I’ll admit that it’s annoying not being able to loan Steam-based games to friends, but by the same token, “loaning” games to people is quite different to loaning someone a book. I can’t remember the last time I borrowed a book from someone and proceeded to copy every page of it so that I had my own book, but that’s certainly something which is possible with games.

    And as for Steam running in the background – there are thousands of programs that, by default, do exactly the same thing. Have a look at just about any relatively inexperienced computer user’s system tray, and you’ll see them lined up there, collectively doing nothing but using up valuable memory.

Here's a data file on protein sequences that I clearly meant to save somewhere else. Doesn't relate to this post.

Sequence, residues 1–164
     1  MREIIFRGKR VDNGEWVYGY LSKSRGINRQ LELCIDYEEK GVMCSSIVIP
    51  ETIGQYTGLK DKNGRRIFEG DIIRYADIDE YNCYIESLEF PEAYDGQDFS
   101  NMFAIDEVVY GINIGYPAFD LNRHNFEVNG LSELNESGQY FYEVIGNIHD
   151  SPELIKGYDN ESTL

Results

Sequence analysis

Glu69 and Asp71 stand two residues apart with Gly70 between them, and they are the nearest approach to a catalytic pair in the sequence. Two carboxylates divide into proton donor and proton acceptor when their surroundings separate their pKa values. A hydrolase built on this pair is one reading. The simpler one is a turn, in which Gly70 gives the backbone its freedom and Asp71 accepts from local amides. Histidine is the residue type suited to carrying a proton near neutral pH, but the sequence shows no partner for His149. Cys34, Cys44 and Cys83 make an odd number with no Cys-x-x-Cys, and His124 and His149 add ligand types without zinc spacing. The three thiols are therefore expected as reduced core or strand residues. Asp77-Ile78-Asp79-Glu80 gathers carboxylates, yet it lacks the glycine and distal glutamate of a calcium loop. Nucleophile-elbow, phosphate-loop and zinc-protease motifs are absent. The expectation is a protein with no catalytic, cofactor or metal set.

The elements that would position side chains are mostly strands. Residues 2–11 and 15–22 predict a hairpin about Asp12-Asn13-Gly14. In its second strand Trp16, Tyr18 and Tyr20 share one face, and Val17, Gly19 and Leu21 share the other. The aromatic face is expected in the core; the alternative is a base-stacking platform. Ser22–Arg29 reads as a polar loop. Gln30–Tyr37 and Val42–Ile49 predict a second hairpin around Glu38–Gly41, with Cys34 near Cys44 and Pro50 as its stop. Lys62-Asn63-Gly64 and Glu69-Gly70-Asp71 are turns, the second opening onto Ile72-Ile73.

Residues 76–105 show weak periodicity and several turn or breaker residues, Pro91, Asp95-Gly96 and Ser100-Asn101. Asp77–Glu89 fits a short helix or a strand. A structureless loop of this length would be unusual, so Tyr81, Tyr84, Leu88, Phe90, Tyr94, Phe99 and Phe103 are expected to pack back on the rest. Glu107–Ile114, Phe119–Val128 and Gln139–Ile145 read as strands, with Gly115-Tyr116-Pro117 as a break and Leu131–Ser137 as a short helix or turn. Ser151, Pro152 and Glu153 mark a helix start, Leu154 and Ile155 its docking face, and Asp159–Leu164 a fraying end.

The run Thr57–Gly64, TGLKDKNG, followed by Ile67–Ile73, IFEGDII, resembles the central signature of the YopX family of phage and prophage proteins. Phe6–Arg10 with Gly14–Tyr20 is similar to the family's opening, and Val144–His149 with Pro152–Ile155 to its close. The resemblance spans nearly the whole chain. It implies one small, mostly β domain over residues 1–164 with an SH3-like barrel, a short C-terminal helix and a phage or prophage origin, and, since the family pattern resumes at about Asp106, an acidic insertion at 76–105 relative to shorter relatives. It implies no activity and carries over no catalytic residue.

I also find it odd that part of the reason you want to return the software is because you can’t return it. I know that that’s not the only reason, but it’s certainly an odd sort of Catch-22.

    And at the end of the day, as far as I know Steam has been a very effective anti-piracy measure, which no-one seems to have matched for its effectiveness. I understand some people’s frustrations about stolen keys & the like, but I’d say that Valve is making a lot more money through people buying their games instead of pirating them, than they’re losing from people who hate Steam and no longer buy Valve products.

    At the end of the day I’m pretty happy with Steam. I haven’t had any problems with it, and now that they accept Paypal I can buy games through it – and if I want to pick up an older title, it’s certainly handy to be able to get it for $25-odd without leaving my chair, rather than having to go hunting for it on sale at some games shop.